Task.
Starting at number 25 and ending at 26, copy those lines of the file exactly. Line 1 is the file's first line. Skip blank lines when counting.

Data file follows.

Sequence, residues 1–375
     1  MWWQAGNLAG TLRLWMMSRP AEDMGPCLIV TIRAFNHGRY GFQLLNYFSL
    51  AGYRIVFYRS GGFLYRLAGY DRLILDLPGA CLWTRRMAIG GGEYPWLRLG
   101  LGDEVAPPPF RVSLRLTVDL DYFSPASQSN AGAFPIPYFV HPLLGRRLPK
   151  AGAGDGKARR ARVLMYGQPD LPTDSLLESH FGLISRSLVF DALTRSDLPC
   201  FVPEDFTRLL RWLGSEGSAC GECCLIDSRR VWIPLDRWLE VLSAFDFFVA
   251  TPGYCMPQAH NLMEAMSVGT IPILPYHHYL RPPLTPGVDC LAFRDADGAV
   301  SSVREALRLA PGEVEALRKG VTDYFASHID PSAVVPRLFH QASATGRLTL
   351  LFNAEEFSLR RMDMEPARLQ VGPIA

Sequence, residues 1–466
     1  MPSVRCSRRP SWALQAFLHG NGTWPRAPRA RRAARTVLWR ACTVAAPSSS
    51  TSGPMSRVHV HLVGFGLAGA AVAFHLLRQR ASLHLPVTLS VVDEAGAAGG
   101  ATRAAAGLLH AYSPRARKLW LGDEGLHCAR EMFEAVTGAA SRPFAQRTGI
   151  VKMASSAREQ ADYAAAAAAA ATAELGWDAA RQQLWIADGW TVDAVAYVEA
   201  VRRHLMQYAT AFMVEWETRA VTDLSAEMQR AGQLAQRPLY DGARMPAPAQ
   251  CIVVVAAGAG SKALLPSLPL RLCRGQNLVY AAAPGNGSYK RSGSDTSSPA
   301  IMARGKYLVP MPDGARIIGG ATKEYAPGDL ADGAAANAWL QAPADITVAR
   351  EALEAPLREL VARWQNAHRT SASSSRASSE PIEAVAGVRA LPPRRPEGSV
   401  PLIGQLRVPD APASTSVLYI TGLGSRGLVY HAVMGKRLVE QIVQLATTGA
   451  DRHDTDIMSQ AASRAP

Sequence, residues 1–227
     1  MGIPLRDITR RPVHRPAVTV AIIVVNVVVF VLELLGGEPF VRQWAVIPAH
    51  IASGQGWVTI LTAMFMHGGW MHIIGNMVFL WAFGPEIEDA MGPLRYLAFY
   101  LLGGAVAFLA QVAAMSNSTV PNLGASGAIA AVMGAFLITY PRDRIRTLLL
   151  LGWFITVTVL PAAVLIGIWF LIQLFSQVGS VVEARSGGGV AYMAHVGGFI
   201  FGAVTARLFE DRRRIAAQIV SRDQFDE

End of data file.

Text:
   151  LGWFITVTVL PAAVLIGIWF LIQLFSQVGS VVEARSGGGV AYMAHVGGFI
   201  FGAVTARLFE DRRRIAAQIV SRDQFDE